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Creating an Inclusive Organisation

Inclusion has become something of a buzzword. Organisations across the world are announcing their efforts to become more inclusive and employ more diverse people. Creating an effective inclusive environment is not always as easy as that, though. Diverse teams don’t always equal inclusion. It often requires a culture shift and the development of practices to actively continue to include employees.

Inclusion, as defined by McKinsey, means that there is a sense of equality, openness and belonging in a workplace. And creating this kind of culture can have amazing benefits for an organisation. Companies that prioritise a diverse and inclusive culture have frequently been shown to be more profitable, more productive and more innovative as employees feel more engaged with their work and feel able to share and take ownership of new and innovative ideas. Here are some tips for creating that inclusive culture:

  • Leadership: Leadership plays a pivotal role in setting the tone for an inclusive culture. Leaders set the tone for the team and have a significant role in making sure that everyone feels that they are making valuable contributions to the team and can share freely. An inclusive leader will also ensure that equitable policies are maintained and followed across the whole team, creating a sense a security.

  • Communication: Effective communication builds trust and understanding within a team and allows those with different perspectives to be able to share their thoughts. Being able to maintain good communication between team members and across to other teams also means that collaborative efforts are more likely to succeed, and succeed well.

  • Learning and Development: Offering learning and development opportunities to all employees is one key way that employers can make their organisation more inclusive. There are many training programmes on topics related to inclusion and diversity that can help explain diverse experiences. However, all learning and development opportunities help to provide a sense of purpose and ownership to employees and offer advancement opportunities that some employees may not have been able to access without them.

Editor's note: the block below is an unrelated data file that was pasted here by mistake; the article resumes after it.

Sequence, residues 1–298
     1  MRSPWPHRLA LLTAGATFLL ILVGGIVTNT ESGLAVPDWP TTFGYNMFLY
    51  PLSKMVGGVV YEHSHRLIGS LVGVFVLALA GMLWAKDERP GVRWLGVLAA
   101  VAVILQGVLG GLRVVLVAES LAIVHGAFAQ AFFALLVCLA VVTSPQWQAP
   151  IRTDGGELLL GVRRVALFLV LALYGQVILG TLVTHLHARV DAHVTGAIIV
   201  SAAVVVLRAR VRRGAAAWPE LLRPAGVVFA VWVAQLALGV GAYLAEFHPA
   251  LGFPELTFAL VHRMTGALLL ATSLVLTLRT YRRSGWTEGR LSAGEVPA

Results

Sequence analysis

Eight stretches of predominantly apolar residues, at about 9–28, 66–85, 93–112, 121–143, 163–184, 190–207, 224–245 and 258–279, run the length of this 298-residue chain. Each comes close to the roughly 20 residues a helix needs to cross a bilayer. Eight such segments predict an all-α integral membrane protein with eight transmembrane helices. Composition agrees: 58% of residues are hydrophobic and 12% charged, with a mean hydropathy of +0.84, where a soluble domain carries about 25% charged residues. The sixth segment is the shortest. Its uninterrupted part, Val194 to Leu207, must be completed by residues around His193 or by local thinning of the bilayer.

• Flexible Accommodations: Not everyone’s life is the same and not everyone can work the same way. Offering flexible working options such as part-time work or flexi-hours can help create an inclusive environment. Other things that could be considered flexible accommodations include ensuring that there are employee celebrations that do not involve alcohol, or making sure that an employee with a disability has the necessary equipment to help them do their job well.

  • Celebrating Progress: Celebrating the progress made is a great way to build an inclusive culture. It shows employees that their work is being noticed and builds a positive culture of affirmation, motivating continued efforts. It can also be a way of recognising a diversity of contributions in a way that is natural and effective.

Building an inclusive culture is not a destination but a continuous evolution. If you want to learn more about building an inclusive organisation, sign up to our Inclusion By Default conference and build your personalised roadmap to inclusion. You could also take our quiz below to find out how inclusive your organisation already is and how you could improve.

Or alternatively to discuss how we could help you, your business or to help others innovate - our innovation team would love to chat!


The whole workshop was excellent!
I was hugely impressed at what we were able to achieve as a team with such excellent facilitators

Jannette Archer, NHS

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